Busters breeder used natural methods for her dogs, such as garlic and I did carry this on with Buster as she had started him with it mixing a little in his food, but he went off it and wouldnt eat much with it .
On reading your posts some have IMHO I do not know what this means can you tell me?

 
  #9  
Old 24th November 2003, 12:30 PM
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Quote:
Originally posted by busters mum
. . . On reading your posts some have IMHO I do not know what this means can you tell me?
IMHO = In My Humble Opinion.


 
  #10  
Old 24th November 2003, 12:42 PM
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oooohhhhh, yes I see it now. I told you all I was a technophobe and hopeless with this kind of thing! doh!

 
  #11  
Old 24th November 2003, 12:55 PM
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Quote:
Preventative medicine is NOT the same as putting a cast on a healthy limb. It is more like taking calcium so you have strong bones and are less likely to break yor arm.
I agree. Worming, however, is not preventive medicine. Worming is *treatment* - it does not prevent the dog from getting worms, it treats the worms the dog may have gotten. (Heartworm medicine is the same.)

If one were giving, say, garlic or ground pumpkin seeds on a regular basis to stave off a worm infestation, *that* would be considered preventive, much like calcium for strong bones.

 
  #12  
Old 24th November 2003, 06:21 PM
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This is the first I've heard of giving worm medicine just in case.

We always bring in a stool sample when we go to the vets. But for one instance with Ava, they have always been negative.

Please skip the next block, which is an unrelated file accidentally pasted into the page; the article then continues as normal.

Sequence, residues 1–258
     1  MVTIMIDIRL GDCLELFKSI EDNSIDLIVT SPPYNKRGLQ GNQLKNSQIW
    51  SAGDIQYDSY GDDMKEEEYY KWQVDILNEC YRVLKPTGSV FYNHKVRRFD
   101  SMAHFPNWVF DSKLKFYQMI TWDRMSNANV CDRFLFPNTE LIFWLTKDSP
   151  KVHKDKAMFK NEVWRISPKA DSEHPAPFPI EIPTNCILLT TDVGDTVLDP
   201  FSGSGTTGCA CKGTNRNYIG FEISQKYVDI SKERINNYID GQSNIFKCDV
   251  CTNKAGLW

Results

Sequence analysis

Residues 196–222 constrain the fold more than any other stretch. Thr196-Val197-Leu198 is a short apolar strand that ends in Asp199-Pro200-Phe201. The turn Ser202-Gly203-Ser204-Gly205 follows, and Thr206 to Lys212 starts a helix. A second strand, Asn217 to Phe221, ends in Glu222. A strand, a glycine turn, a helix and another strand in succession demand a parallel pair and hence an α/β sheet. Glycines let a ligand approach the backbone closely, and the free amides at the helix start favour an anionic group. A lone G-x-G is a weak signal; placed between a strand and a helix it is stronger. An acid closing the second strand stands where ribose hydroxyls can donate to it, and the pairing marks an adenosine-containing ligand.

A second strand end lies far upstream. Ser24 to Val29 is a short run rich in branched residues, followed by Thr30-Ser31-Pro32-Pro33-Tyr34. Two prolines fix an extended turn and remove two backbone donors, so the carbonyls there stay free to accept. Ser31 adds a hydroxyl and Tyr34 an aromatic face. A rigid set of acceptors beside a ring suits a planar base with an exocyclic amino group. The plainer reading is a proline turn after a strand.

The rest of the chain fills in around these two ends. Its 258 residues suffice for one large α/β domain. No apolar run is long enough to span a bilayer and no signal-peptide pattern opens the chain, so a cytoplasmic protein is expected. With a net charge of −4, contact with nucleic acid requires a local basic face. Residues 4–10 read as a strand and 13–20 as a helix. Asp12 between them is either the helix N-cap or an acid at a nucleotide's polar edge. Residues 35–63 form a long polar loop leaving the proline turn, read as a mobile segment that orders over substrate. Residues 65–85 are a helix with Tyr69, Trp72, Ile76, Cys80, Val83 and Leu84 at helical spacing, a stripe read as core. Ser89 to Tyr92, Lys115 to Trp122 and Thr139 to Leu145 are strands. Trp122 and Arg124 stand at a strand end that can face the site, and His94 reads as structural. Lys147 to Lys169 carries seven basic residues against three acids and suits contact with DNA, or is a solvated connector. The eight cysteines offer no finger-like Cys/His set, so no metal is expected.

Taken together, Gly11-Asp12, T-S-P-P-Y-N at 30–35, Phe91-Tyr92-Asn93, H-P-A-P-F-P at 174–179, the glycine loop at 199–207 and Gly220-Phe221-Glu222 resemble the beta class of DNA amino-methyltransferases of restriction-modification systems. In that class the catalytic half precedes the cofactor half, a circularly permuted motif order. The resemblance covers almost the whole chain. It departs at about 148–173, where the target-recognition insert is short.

During Ava's third round of shots, they found coccicidia in her stool. Coccidia is found in puddles or small pools that have had bird droppings deposited in them, or puddles formed when rainwater carries bird droppings into a puddle. When a dog drinks from this water, the coccidia enter their body. They can also get it from their routine cleaning of paws that have been contaminated from walking on droppings.

As I understand it, Coccidia only poses a threat to very small puppies, or other animals. It leads to diarrhea which will quickly dehydrate a small puppy. The aforementioned only applies to animals with normally functioning immune systems.

While our vet felt that Ava was of sufficient size to deal with them on her own, she prescribed "birth control" pills for the worms so they wouldn't multiply.

Once a dog has had coccidia it will not contract them again even if it drinks contaminated water. It's immune system will fight them off before they get a foothold. Like measles and mumps in children, once they have had the disease, they will be immune to it unless their immune system is compromised.

But in the case of tapeworms, pinworms and whipworms as well as others, a pill today will not provide protection after the meds have been eliminated from the body. To my knowledge, most if not all treatments are some form of poison which kills the worms.

I'd be reluctant to put poison in my dog's system to protect against a rare problem. We've had several dogs in our lifetime and Ava is the only one that has had worms. Technically, I don't think coccidia is a worm, but I might be wrong.

One more thought, worms don't pose the same threat as parvo, distemper or rabies. It would take a long time for worms to do serious damage to a dog. You would notice changes in him long before then. If your dog seemed to be losing weight despite eating normally, or there were changes in his stools, in most cases worms are quickly treated, and the dog recovers quickly.


Tom